"/assets/images/2020/10/monarch_butterflies.jpg", "title"=>"Migrating Monarch Butterflies", "caption"=>"Monarch Butterflies on tree branch in blue sky background, photo by JHVEPhoto/Depositphotos, used with permission"}">

Migrating to Jekyll

31 Oct 2020

This site had a 2020 in migrating from WordPress (php-based dynamic site) to Jekyll (ruby-based static site generator). Let me tell you all about it.

First of all, I don’t think it’s news to anyone that 2020 has, to be polite, sucked. I lost a good part of my productivity this year (for months!) to COVID-19.

Because it’s most illustrative of the kind of thing I’ve had to recover from, here’s one of the challenges I had when COVID was at its worst in late January: rooms changed shape. I don’t mean a little bit. I mean what platonic solid they were: cube to dodecahedron, for example. 🤮 The other was the wall suddenly sliding down the corridor away from me. While I was walking. 🤮

It’s amazingly disconcerting not knowing how far walls, doors, floors are from you. I knew it was an illusion, and I knew I was ill and reported the symptom, but it was not of significant enough concern at that point to go to the ER. (This spatial distortion also happened in COVID-19 hospitalized and ICU patients on occasion, but sometimes they didn’t know it was an illusion.)

Thoughts on WordPress

I wanted to move my site off WordPress, and managed to not have as good a backup as I’d hoped. I had a database backup that didn’t import correctly, and I’d already canceled the hosting before double checking.

One of the things I relied on for my main site, which goes back to 1998, is that I’d converted it all to Markdown around 2006 when I first realized there were Markdown plugins for WordPress. Those plugins saved Markdown in a separate field and then the HTML-ified version in the main editing field.

Almost all third-party WordPress development on Markdown plugins stopped once Jetpack (an Automattic plugin) supported Markdown. Versions crept along, databases were converted from one major revision to the next.

I found that every time I’d log into my site to write a post, I’d spend enough time fussing with WordPress that I wouldn’t actually write the entries I went there for. While WordPress had gotten out of my way oh so many years ago, now it was always in my way, and in very annoying ways. I stopped posting to my blog for over a year (extremely unusual).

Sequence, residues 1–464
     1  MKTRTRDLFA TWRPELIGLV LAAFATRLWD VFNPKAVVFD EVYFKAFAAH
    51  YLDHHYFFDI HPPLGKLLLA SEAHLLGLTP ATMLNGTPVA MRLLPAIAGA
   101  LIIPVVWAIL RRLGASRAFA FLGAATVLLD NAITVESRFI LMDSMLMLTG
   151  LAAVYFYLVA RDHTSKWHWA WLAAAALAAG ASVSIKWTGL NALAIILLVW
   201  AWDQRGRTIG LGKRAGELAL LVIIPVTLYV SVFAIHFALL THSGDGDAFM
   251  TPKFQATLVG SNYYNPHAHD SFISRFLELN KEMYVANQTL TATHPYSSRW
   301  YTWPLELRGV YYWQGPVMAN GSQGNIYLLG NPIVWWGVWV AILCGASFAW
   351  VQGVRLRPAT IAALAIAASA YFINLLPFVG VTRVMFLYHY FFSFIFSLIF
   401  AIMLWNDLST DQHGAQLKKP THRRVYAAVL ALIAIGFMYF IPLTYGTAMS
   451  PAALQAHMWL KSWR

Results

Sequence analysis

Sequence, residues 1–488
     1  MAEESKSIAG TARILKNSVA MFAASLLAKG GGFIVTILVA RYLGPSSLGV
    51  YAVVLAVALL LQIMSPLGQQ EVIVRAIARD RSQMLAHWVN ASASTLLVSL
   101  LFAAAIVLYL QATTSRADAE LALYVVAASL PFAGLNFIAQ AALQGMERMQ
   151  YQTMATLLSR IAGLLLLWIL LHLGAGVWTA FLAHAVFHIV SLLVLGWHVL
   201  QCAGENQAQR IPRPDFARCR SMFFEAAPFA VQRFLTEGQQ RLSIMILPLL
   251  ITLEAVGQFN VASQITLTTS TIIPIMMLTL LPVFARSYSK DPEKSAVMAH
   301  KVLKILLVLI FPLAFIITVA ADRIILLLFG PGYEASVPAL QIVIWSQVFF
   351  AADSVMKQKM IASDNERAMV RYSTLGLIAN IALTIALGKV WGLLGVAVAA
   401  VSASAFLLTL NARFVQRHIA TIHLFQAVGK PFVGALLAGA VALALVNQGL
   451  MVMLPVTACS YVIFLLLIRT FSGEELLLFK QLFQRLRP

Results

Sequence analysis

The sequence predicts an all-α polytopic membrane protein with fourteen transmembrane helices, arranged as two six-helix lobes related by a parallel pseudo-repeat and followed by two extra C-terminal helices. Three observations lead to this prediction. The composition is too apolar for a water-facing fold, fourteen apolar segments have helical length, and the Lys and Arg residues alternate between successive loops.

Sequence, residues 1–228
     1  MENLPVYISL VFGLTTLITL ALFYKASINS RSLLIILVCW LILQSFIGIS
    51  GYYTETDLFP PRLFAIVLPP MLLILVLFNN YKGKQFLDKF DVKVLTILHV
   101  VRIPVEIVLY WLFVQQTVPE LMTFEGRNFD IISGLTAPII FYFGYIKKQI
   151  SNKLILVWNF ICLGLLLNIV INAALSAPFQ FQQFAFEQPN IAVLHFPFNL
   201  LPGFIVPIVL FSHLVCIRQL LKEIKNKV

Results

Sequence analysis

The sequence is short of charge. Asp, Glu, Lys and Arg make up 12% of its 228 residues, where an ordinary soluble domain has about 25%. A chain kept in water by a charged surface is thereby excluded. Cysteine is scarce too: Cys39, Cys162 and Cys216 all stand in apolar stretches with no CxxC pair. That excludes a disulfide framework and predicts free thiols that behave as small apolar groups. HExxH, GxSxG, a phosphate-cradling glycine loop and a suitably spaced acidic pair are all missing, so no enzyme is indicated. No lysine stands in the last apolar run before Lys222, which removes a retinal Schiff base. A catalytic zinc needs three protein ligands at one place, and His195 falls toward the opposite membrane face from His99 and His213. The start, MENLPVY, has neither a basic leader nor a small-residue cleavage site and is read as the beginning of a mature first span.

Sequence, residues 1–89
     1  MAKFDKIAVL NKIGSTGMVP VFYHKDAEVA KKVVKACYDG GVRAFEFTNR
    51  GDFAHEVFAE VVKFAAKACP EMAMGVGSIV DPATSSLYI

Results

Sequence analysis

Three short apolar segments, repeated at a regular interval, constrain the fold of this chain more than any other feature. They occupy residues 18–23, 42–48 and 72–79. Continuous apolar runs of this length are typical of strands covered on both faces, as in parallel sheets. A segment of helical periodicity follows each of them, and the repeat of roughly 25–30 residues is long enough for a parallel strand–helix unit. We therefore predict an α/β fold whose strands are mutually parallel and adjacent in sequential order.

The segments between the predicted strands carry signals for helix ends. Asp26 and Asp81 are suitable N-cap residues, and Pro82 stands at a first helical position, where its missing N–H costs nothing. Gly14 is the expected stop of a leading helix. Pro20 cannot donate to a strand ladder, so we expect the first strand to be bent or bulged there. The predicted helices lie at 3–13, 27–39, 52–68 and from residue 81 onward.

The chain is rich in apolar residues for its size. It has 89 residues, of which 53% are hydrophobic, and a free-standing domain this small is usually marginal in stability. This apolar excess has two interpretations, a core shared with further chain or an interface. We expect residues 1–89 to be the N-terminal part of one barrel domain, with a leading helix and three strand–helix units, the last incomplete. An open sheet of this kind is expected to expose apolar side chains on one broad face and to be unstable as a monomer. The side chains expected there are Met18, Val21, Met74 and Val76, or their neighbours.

And Then There’s Migration

So I dumped my data, and then shut off my WordPress hosting. (Note: I knew better than to do this before the migration was final. I was just tired of the hassle, not to mention the cost.) I was unprepared for the annoyance of migration.

You see, the migration tools suck, and the import tools suck. The WordPress import tools have never imported images correctly, even from a WordPress export. That’s just so broken.

And then I was hamstrung by something that’s just…gobsmacking to me.

The Markdown That Isn’t

First, let’s look at a very simple WordPress post draft as it’s being composed.

WordPress Post Draft
WordPress editor window view of post being composed. Edited text reads: This is a new post, and my default is set to markdown.

But here’s how it’s actually being stored in the database:

WordPress Post Draft in MySQL
WordPress Post Draft in MySQL shows that this is HTML wrapped in comments, *not markdown*.

In text format:

<-- wp:paragraph -->

<p>This is a new post, and my default is set to markdown.</p>

<-- wp:paragraph -->

While putting HTML comments and paragraphs isn’t forbidden in Markdown, of course, the idea that you’d only store garbage like that in lieu of the plain text you claimed to store is very much not only against the spirit of Markdown, but deceptive to one’s customers.

And Here We Are

Despite all that, I did get the site migrated, and glad to be migrated. Looking forward to writing more, now that I won’t be quite so annoyed by my blog any more. :P

Photo Credit
Monarch Butterflies on tree branch in blue sky background, photo by JHVEPhoto/Depositphotos, used with permission